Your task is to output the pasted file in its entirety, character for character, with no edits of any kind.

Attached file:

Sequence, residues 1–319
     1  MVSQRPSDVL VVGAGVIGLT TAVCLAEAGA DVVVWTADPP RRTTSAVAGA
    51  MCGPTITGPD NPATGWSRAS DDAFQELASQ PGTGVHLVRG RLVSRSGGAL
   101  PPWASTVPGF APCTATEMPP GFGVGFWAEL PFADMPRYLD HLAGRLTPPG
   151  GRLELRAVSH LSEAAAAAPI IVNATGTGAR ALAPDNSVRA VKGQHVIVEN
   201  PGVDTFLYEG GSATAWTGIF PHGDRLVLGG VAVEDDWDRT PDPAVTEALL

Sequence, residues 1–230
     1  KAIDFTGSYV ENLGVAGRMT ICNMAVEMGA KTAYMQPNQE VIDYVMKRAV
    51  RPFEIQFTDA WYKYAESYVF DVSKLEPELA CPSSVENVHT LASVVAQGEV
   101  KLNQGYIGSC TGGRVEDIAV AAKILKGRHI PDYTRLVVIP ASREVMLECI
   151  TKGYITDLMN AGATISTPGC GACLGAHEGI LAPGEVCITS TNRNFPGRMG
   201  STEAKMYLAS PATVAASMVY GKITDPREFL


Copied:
Sequence, residues 1–319
     1  MVSQRPSDVL VVGAGVIGLT TAVCLAEAGA DVVVWTADPP RRTTSAVAGA
    51  MCGPTITGPD NPATGWSRAS DDAFQELASQ PGTGVHLVRG RLVSRSGGAL
   101  PPWASTVPGF APCTATEMPP GFGVGFWAEL PFADMPRYLD HLAGRLTPPG
   151  GRLELRAVSH LSEAAAAAPI IVNATGTGAR ALAPDNSVRA VKGQHVIVEN
   201  PGVDTFLYEG GSATAWTGIF PHGDRLVLGG VAVEDDWDRT PDPAVTEALL

Sequence, residues 1–230
     1  KAIDFTGSYV ENLGVAGRMT ICNMAVEMGA KTAYMQPNQE VIDYVMKRAV
    51  RPFEIQFTDA WYKYAESYVF DVSKLEPELA CPSSVENVHT LASVVAQGEV
   101  KLNQGYIGSC TGGRVEDIAV AAKILKGRHI PDYTRLVVIP ASREVMLECI
   151  TKGYITDLMN AGATISTPGC GACLGAHEGI LAPGEVCITS TNRNFPGRMG
   201  STEAKMYLAS PATVAASMVY GKITDPREFL